However, other medical studies have found that exercise does reduce hot flashes.

In fact, medical researchers have found that following a healthy diet and doing daily exercise is the most effective SAFE treatment to reduce the symptoms of menopause.

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How To Manage Your Hot flashes Better

Hot Flashes

There's gotta be some things I can do to make this better

You probably have read, or heard, about many of the treatments and remedies that can help to relieve and/or reduce hot flashes.

But….what about how to manage your hot flashes better? There hasnt been much written about this.

There is a difference between relieving/reducing them and managing them better. The former implies a cure to some degree; the latter is about about dealing with them after they occur.

There are women who havnt yet decided on the best hot flash treatment for themselves. They would benefit from knowing how to better manage them until they do. There are also women who have tried one, or more, hot flash treatments that havnt been particularly effective for them. They too would benefit from this advice, while they explore other options.

I have found an excellent article on the breast cancer site that provides several practical hot flash survival tips. I think that any woman who is experiencing severe or frequent hot flashes will find this article helpful.

How To Manage Your Hot flashes Better

Here is an excerpt from the article

  • Dress in layers, so you can peel off one layer after another as you get warmer
  • Don’t wear wool, don’t wear synthetics, and be wary of silk. That leaves cotton, linen, rayon, and more cotton. (Look at the bright side: You’ll save on cleaning bills, and you can stop worrying about moths.)
  • Avoid turtlenecks. Stick to open-neck shirts
  • Keep ice water at hand that you can sip to cool down your insides
  • Where possible, lower the thermostat. Maybe it’s time for a decent air conditioner or a ceiling fan. Or maybe you’d prefer one of those little hand-held battery-operated fans or the foldable kind you flutter in front of your face. You can find perfectly adequate paper fans for about a dollar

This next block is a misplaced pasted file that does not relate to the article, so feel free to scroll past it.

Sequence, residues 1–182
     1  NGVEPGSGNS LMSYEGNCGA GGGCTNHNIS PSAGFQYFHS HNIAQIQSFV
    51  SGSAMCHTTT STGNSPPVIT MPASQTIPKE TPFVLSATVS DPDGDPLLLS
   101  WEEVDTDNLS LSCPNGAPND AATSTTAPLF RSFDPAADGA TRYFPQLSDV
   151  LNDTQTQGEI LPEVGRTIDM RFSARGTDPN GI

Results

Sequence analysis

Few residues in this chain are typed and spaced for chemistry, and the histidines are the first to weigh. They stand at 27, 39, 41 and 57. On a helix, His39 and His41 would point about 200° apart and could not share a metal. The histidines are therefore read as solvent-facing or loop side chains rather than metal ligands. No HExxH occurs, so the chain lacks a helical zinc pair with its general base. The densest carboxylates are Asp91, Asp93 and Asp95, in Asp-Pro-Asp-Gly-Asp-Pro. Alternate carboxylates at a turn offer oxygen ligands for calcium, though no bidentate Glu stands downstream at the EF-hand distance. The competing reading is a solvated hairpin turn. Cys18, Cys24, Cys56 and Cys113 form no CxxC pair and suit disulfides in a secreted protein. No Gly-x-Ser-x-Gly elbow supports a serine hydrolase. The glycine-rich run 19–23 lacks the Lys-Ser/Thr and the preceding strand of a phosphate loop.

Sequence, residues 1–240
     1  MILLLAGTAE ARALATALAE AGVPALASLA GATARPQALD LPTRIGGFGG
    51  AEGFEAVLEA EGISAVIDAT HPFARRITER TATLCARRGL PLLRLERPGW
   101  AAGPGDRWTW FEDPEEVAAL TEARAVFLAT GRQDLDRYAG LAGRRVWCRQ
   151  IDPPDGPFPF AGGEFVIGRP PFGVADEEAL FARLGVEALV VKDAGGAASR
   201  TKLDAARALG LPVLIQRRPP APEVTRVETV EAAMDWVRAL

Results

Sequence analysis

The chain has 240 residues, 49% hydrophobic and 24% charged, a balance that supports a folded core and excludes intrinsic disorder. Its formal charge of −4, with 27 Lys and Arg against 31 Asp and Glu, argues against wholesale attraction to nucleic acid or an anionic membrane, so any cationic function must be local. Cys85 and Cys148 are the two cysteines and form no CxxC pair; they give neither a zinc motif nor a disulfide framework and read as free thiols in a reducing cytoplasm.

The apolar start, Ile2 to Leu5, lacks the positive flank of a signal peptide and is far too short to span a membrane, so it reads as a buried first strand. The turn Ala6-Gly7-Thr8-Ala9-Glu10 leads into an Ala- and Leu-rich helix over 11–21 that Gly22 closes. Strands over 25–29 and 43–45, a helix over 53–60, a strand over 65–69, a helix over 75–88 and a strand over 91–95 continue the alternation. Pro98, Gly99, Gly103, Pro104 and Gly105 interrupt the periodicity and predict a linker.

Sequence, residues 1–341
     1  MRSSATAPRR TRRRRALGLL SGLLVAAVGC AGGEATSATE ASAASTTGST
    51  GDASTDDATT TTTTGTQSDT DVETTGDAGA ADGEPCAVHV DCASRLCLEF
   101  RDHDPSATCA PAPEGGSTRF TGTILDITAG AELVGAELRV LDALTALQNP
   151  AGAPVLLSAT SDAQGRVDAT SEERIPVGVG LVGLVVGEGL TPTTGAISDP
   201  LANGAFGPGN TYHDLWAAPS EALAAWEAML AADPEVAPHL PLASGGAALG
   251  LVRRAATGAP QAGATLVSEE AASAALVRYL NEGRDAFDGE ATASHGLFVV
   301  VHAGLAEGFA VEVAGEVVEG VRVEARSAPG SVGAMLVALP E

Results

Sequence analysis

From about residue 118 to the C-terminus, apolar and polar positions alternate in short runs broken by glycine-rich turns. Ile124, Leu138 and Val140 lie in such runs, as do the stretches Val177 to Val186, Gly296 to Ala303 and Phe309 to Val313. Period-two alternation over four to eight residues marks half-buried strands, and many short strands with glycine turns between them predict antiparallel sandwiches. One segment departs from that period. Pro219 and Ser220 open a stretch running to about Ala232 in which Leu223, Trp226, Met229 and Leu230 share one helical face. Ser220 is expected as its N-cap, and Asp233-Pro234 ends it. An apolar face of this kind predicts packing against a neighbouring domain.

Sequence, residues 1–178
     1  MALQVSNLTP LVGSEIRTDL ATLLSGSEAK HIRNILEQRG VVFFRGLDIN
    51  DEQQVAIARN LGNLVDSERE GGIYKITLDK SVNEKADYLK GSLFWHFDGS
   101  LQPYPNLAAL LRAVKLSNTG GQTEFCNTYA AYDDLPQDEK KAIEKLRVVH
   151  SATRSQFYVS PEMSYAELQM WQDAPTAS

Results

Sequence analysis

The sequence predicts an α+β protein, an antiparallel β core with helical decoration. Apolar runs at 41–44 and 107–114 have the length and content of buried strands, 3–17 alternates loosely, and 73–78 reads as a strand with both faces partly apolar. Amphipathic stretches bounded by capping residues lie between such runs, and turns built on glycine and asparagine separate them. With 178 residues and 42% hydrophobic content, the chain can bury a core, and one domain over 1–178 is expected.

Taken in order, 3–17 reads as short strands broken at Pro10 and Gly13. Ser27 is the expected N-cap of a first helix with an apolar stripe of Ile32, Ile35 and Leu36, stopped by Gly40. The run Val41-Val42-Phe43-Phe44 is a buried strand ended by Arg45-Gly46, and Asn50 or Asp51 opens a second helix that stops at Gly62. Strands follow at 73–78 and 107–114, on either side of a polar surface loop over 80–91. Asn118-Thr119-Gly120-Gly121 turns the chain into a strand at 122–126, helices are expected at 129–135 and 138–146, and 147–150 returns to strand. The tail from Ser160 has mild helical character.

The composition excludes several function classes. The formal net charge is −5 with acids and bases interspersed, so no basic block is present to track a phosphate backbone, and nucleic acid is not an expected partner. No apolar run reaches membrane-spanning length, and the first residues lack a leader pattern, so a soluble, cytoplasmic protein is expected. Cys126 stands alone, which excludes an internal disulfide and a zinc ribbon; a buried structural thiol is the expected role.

• Wear cotton pajamas or a nightgown. If you perspire a lot at night, your nightclothes are easier to change than the sheets
  • Use cotton sheets only, not synthetics
  • Get a bigger bed if you and your partner are on different heat planets but you still want to stay in close orbit
  • Take a cool shower before bed
  • Try a mild medication like Tylenol
  • Arrive at meetings early so that you can get the coolest seat
  • Use your freezer liberally. A number of women talked about opening the freezer at home (or in the supermarket) and sticking their head in when a hot flash hits

click here to read the entire article

While it will help you if you follow this advice about how to manage your hot flashes better, I strongly urge you to take steps that will help you to reduce/relieve them.

I am not in favor or hormone therapy of any kind, even though it is the most effective treatment for hot flashes. I think that the health risks associated with it are too great.

Studies have shown that the most effective hot flash treatment/remedy, after hormone therapy is adhering to a healthy diet and doing daily exercise. In addition to this, I also recommend doing yoga, or some form of meditation, to keep your stress levels low.

Other studies have found that hypnotherapy, acupuncture, and homeopathy have also helped women to reduce their hot flashes. Still other women have found that soy, black cohash and other herbal remedies have reduced their symptoms.

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What Can I Do About My Sagging Tender Breasts?

Breast Tenderness

I care for mine

Ellen was concerned, but not distressed by her breast tenderness. She said that at times she experienced pain, aches, or soreness in her breasts. She was also concerned about the changing shape of her breasts.

She asked “what can I do about my sagging tender breasts?”.

This is an interesting question because the hormonal changes during menopause causes the breast tenderness and exacerbates the sagging of the breasts.

I use the word exacerbates, instead of causes, in connection with breast sagging, because breast sagging comes with aging….menopause just speeds it up.

In this post, I will share some information about breast sagging and then I will tell you what you can do to relieve breast tenderness.

What Can I Do About My Sagging Tender Breasts?

Here is an excerpt from an article that may help you to understand the causes of breast sagging

Sagging or drooping of breasts is a natural, inevitable process that happens to all women at some point, except to women with fairly small breasts.

The most notable sagging happens with the process called breast involution (see below), but breasts can start drooping a little at any age, because they do NOT have muscles in them. They have ligaments and connective tissue.

When the gravity pulls the breasts down, those ligaments and the skin can stretch, and so the breast then droops. This depends on the elasticity of your skin and of your ligaments, as determined by your genes and diet, and also on normal aging processes. Obviously large breasts will sag easier since the gravity is pulling them down more. When breasts bounce during active sports, such as tennis, those ligaments can also be stretched or even torn. A good sports bra can minimize that effect, and is recommendable.